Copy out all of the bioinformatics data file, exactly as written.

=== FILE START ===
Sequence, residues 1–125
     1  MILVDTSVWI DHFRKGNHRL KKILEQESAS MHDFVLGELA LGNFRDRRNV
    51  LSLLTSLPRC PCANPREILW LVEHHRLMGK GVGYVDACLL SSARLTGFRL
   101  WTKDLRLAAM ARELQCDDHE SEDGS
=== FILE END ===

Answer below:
Sequence, residues 1–125
     1  MILVDTSVWI DHFRKGNHRL KKILEQESAS MHDFVLGELA LGNFRDRRNV
    51  LSLLTSLPRC PCANPREILW LVEHHRLMGK GVGYVDACLL SSARLTGFRL
   101  WTKDLRLAAM ARELQCDDHE SEDGS